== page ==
Flexeril: 7 things you should know
Medically reviewed by C. Fookes, BPharm Last updated on Oct 7, 2019.
1. How it works
- Flexeril is a brand (trade) name for cyclobenzaprine. Cyclobenzaprine relaxes muscles by reducing muscle hyperactivity through an action on both gamma and alpha motor systems (these are nerve fibres that directly connect with skeletal muscle and are responsible for muscle contraction). Cyclobenzaprine acts primarily through the brain stem rather than the spinal cord and does not act directly on skeletal muscle.
- Flexeril will not reduce muscle spasm due to central nervous system (CNS) disease, such as cerebral palsy.
- Flexeril belongs to a class of drugs known as muscle relaxants.
- May be used for the short-term relief of muscle spasm associated with acute, painful, musculoskeletal conditions.
- Improves pain, tenderness, and range of motion associated with muscle spasm and increases a person's ability to perform their day-to-day activities.
- Relieves skeletal muscle spasm without interfering with muscle function.
- The sedative effects of Flexeril may help people sleep who are experiencing insomnia as a result of muscle spasm.
- Flexeril's effects are long-lasting.
- Flexeril has not been associated with addiction; however, abrupt discontinuation may produce symptoms such as nausea, a headache, and a general feeling of discomfort. The dosage of Flexeril is best tapered off slowly on discontinuation.
- Flexeril is available as a generic under the name cyclobenzaprine.
If you are between the ages of 18 and 60, take no other medication or have no other medical conditions, side effects you are more likely to experience include:
- Sedation is a major side effect which may impair reaction skills and affect a person's ability to drive or operate machinery. Alcohol should be avoided.
- Dry mouth, tiredness, dizziness, headache, difficulty with urination, nausea, an increase in eye pressure and blurred vision have also been reported.
- Heart palpitations, seizures and an increased risk of heart attack have rarely been associated with Flexeril.
- Effects may be similar to those seen with tricyclic antidepressants (TCAs) as Flexeril is structurally related to TCAs.
- Abrupt cessation of Flexeril may cause sickness, headache and tiredness; however, these are not indicative of addiction.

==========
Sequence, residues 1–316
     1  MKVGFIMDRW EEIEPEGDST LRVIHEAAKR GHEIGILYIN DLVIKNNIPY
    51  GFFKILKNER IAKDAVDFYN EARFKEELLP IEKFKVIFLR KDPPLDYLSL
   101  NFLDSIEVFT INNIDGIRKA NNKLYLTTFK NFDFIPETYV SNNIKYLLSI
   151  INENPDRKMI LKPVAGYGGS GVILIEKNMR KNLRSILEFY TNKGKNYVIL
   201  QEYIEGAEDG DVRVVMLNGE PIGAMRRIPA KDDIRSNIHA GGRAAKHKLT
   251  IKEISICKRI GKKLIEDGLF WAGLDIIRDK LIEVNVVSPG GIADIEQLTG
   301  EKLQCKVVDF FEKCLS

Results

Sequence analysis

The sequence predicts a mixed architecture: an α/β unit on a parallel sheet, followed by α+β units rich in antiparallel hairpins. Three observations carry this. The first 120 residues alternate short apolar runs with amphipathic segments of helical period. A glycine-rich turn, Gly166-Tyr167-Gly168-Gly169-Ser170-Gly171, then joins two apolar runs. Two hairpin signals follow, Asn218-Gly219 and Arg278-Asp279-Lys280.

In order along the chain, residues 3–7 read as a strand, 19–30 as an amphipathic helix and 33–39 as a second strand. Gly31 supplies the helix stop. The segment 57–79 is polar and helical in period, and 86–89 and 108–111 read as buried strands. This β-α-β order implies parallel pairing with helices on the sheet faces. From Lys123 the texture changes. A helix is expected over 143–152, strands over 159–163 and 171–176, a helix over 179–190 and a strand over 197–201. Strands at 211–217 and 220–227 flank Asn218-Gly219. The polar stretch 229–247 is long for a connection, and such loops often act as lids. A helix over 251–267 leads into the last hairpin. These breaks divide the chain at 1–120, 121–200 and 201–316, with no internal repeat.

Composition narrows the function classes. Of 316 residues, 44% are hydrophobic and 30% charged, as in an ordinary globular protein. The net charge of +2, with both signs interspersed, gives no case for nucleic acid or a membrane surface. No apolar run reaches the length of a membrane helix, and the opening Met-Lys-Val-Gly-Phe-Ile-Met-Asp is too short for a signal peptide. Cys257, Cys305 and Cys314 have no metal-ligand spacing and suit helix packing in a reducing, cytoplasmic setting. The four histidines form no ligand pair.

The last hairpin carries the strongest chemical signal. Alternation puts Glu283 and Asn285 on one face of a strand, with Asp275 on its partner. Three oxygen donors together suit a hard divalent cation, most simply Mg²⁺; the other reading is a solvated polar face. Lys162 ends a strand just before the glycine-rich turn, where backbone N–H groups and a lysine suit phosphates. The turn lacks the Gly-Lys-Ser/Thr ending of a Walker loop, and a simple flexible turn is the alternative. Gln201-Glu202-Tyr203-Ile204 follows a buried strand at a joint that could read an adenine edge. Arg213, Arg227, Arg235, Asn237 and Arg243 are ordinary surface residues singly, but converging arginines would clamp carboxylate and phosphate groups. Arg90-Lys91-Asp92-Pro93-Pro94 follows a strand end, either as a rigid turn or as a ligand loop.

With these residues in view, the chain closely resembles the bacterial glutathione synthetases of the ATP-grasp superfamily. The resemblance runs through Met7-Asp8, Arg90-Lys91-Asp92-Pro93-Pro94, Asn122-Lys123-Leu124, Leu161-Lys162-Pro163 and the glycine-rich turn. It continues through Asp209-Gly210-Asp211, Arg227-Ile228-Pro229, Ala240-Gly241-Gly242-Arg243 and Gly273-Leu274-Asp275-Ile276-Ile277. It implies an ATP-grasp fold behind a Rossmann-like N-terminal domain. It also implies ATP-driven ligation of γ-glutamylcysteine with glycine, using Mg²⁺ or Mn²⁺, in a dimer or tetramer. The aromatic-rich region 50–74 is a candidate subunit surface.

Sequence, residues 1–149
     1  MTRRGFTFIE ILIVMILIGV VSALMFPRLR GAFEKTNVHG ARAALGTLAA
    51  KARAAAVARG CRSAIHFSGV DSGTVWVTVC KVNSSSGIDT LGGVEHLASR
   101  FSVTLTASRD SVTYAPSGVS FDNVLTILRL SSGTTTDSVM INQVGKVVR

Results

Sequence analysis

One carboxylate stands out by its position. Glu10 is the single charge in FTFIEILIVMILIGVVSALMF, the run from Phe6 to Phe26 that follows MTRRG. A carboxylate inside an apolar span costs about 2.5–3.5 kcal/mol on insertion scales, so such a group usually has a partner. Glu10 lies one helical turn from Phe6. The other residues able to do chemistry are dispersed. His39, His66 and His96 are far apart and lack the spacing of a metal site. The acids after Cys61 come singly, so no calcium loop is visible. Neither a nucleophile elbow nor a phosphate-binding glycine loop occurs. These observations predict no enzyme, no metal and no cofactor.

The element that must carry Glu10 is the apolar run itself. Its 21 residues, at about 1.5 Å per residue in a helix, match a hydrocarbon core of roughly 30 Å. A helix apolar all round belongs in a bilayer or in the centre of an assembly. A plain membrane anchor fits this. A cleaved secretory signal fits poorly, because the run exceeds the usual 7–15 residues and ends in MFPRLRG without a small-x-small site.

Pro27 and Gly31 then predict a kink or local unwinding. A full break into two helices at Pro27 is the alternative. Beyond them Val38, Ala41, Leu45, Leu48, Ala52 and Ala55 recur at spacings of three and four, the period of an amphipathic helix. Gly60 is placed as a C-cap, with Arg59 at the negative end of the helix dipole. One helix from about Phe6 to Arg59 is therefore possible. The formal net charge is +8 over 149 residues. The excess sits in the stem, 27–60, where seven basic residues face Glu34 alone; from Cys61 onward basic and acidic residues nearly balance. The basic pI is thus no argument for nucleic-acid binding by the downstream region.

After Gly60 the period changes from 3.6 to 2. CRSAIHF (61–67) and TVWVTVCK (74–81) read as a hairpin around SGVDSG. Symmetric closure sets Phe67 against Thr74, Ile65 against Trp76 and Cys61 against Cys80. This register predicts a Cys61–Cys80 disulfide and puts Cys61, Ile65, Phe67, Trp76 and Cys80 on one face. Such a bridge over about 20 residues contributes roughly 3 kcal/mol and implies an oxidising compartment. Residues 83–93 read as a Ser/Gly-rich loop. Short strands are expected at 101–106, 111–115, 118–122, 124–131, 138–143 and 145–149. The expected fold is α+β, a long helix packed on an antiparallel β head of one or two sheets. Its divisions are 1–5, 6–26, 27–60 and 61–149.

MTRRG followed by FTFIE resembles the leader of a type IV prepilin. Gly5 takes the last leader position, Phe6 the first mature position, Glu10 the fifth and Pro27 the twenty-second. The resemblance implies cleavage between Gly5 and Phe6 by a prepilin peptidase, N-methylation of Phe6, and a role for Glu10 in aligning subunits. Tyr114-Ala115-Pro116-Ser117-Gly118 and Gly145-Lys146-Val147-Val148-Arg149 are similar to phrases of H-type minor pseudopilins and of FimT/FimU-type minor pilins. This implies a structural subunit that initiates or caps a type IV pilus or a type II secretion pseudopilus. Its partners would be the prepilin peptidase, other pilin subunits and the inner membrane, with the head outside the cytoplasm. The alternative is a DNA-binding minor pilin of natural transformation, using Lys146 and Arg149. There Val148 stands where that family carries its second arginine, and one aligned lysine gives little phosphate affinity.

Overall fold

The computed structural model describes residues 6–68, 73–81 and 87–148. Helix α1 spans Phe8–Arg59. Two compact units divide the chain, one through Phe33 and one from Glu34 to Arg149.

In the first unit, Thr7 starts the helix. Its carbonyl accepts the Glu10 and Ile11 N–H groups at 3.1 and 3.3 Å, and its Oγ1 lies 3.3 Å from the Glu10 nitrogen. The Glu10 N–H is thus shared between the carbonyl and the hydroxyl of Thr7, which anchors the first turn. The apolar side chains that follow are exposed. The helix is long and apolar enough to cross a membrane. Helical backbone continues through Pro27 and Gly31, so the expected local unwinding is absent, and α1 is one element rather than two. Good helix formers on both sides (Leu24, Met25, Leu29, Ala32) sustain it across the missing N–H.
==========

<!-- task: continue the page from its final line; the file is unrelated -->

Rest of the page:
- Should only be used short-term (for periods of up to two to three weeks only).
- Not effective for muscle spasm occurring as a result of cerebral or spinal cord disease, or in children with cerebral palsy.
- Flexeril should never be given within 14 days of monoamine oxidase (MAO) inhibitor antidepressants, as the combination may be fatal.
- Interaction with other drugs that also increase serotonin (such as antidepressants, tramadol, St John's Wort, bupropion) may cause serotonin syndrome. Symptoms include mental status changes (such as agitation, hallucinations, coma, delirium), fast heart rate, dizziness, flushing, muscle tremor or rigidity and stomach symptoms (including nausea, vomiting, and diarrhea).
- Flexeril may enhance the effects or side effects of tricyclic antidepressants (for example, amitriptyline and imipramine), alcohol, and other CNS depressants.
- May not be suitable for people with arrhythmias, heart block or conduction disturbances, heart failure, hyperthyroidism, or immediately following a heart attack.
- The dosage of Flexeril should be reduced in people with mild liver disease. It should not be taken by people with moderate-to-severe liver disease.
- Flexeril may also not be suitable for people with glaucoma or increased intraocular pressure, a history of urinary retention, or taking other drugs that also have anticholinergic side effects (anticholinergic side effects include constipation, blurred vision and an increase in eye pressure).
- Elderly people may be more sensitive to the effects of Flexeril, and the dosage should be kept low if the benefits of using it in seniors outweigh the risks.